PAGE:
|"Beep Beep, Vroom Vroom" by Stuart Murphy|
The book Beep Beep, Vroom Vroom by Stuart Murphy will really rev up your kids' engines! It's all about patterns, but it's also a really cool story that allows your kids to make sound effects as you read it to them. A little girl plays with her brother's toy cars and has to arrange them in the same pattern so she doesn't get in trouble when he returns. Everyone in the family makes a different pattern with the toy cars, so it's a great tool to teach multiple kinds of patterns. It's really perfect for pre-k and k. I used construction paper cars (solid red, yellow and blue) to match the cars in the book. The kids came up to the front and held the cars as they told me which car should go next. I've also heard of teachers cutting out steering wheels of the same colors and have the children actually be the drivers. If you place toy cars in your math center, your children can also further explore these concepts independently. Here is a pattern assessment (for legal size paper, 8.5"x14") to check for understanding:
Pattern Car Long
I just went to a Dr. Jean workshop, and she mentioned a web site called Making Learning Fun. It has the best highway mats that you run the toy car around so that students can actually feel how shapes, numbers and letters are made. I made the shape set first, and laminated them, to see how my students would respond to this idea. They absolutely loved it! They kept saying things like "This is so awesome! You're the best teacher!" I figured the boys would enjoy it, but the reaction from the girls was also overwhelmingly positive as well.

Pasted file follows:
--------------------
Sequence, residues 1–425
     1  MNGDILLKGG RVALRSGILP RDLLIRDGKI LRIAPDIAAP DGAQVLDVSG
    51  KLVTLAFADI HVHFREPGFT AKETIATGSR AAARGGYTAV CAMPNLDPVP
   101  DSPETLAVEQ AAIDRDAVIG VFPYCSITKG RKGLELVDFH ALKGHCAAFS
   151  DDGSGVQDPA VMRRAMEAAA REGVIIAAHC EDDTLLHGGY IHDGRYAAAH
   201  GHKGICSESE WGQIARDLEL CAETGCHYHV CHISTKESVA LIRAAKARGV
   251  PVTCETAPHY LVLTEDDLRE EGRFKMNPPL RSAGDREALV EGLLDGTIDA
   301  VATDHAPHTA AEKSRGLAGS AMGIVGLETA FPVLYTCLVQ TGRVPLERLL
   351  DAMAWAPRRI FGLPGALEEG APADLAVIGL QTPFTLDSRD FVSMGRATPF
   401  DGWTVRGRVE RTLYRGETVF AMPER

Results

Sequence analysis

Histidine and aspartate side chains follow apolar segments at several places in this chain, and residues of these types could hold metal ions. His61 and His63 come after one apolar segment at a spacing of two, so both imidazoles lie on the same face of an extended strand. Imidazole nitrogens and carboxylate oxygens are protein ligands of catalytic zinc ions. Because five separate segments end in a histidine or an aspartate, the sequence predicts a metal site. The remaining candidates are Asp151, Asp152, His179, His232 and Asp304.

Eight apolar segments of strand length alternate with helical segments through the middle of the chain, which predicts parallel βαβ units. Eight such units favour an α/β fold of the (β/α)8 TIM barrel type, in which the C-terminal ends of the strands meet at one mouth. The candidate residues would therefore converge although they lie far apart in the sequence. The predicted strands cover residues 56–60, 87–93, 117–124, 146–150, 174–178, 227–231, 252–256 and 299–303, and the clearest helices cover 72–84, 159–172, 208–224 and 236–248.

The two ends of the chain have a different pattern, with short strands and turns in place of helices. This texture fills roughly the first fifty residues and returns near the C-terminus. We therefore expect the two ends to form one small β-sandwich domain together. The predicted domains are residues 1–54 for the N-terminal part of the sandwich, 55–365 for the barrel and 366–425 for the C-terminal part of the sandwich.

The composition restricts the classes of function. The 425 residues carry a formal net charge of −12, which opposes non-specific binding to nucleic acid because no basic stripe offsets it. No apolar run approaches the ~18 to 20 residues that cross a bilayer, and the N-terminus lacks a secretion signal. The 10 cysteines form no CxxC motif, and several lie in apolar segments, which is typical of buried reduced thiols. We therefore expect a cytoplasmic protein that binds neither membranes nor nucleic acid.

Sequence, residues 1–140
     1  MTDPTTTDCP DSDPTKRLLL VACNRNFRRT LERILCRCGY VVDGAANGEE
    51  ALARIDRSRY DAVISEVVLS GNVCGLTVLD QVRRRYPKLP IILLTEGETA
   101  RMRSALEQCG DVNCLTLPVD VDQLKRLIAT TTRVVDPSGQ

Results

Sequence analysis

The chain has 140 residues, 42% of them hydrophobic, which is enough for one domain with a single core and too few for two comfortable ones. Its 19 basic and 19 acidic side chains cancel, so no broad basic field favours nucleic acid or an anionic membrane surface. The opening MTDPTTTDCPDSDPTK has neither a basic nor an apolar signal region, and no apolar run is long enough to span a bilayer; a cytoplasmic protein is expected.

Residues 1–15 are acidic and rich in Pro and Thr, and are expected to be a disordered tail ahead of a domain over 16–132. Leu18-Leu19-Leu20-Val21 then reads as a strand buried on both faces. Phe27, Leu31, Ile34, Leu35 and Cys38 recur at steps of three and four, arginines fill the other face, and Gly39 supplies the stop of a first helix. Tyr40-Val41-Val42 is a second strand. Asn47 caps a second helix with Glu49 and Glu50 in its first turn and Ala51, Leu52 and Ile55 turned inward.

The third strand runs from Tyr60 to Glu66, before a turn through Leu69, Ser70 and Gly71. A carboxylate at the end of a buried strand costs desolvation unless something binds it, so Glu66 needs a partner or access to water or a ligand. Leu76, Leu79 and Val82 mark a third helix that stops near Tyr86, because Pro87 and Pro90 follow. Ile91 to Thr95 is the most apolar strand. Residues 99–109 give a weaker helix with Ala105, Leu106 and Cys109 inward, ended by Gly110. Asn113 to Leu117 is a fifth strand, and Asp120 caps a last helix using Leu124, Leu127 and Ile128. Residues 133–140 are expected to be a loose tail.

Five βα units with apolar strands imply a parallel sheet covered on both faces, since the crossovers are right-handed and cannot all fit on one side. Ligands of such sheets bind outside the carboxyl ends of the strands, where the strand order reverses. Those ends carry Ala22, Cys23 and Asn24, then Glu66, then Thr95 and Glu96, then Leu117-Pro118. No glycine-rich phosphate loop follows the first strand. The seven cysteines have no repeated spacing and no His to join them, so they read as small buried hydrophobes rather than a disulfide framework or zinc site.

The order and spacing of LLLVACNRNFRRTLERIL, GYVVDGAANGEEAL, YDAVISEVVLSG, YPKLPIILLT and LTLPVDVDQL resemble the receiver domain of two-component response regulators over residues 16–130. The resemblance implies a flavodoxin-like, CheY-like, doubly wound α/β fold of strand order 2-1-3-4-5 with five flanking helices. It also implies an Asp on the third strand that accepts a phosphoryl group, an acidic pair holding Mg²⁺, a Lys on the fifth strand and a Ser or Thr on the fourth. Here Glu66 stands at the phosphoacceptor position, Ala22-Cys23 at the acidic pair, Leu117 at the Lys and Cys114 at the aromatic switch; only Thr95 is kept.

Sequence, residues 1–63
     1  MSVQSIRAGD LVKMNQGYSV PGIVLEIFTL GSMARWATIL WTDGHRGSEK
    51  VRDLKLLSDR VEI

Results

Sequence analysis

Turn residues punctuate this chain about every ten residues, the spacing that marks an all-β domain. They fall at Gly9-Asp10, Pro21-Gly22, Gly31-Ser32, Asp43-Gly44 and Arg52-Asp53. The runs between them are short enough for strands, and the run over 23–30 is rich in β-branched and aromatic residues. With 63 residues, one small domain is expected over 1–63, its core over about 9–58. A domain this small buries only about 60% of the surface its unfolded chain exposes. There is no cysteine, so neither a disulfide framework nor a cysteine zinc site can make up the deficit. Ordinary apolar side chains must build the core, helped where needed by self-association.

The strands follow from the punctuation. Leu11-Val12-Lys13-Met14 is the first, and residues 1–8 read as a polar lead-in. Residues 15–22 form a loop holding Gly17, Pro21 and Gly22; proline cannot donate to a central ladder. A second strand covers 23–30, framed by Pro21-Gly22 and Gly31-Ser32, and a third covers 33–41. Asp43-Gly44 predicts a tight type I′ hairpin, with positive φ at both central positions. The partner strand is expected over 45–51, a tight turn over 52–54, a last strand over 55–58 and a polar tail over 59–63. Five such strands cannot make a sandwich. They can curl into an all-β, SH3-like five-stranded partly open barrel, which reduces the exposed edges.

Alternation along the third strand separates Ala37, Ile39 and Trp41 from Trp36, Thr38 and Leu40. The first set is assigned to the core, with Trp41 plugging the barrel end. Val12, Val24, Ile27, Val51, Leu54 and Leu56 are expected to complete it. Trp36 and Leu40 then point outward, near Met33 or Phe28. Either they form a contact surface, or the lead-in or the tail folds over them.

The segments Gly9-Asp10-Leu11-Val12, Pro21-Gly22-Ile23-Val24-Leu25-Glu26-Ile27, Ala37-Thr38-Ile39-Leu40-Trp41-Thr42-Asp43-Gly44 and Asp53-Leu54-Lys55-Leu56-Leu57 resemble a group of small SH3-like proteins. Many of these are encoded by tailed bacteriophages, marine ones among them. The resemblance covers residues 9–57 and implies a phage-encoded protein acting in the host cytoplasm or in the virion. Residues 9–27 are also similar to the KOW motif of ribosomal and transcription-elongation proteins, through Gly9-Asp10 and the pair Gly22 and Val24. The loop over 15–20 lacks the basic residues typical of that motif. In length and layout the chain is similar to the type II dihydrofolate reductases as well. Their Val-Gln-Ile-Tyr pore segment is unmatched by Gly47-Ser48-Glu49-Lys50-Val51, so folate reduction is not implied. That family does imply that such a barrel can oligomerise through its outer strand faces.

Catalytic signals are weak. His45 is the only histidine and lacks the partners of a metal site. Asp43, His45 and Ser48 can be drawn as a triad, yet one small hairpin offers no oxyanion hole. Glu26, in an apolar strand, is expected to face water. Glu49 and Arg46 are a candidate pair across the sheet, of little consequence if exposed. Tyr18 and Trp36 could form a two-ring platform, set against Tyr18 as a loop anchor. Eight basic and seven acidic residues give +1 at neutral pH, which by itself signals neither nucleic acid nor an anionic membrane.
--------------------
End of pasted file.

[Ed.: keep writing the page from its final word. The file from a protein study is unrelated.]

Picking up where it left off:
|Kids playing with shape highways|
So that night, I made the highway numbers, adding traffic lights so the students would know where to start and stop for each one. These are such a treasure for me, because my students tend to make numbers backwards. Being blind, I wanted something that they could play with independently in centers that would be motivating and that would help them learn the correct way to form numbers. Here is what I used:
I think it's important to introduce the mats in large group or in small group, show the children how to play with the mats, and then place them in the math center. My students did a really great job in centers for the last two days, using the cars and mats appropriately.
|"Vroom Chugga Vroom Vroom" by Anne Miranda and David Murphy|
Vroom Chugga Vroom Vroom by Anne Miranda and David Murphy is another great book, which focuses more on numbers. I have found many books that go up to 10, but not as many that go up to 20, like this one does. I'm thinking to put stickers with numbers on the cars so the children could line them up before they race them. I'm still going to only have 4 children in the center at a time, but each child could be in charge of 5 cars.
Here is a Level 2 guided reading book for those children who are working on their color identification skills:
I See The Cars
I would love to hear what all of you do with toy cars!
Finally, Miss Nelson is having an "All-Time Favorite Read-Alouds" Linky Party. My favorite read-alouds change so often, but Beep Beep, Vroom Vroom is my favorite book for the end of the year because it holds their attention and it really solidifies the concept of patterns.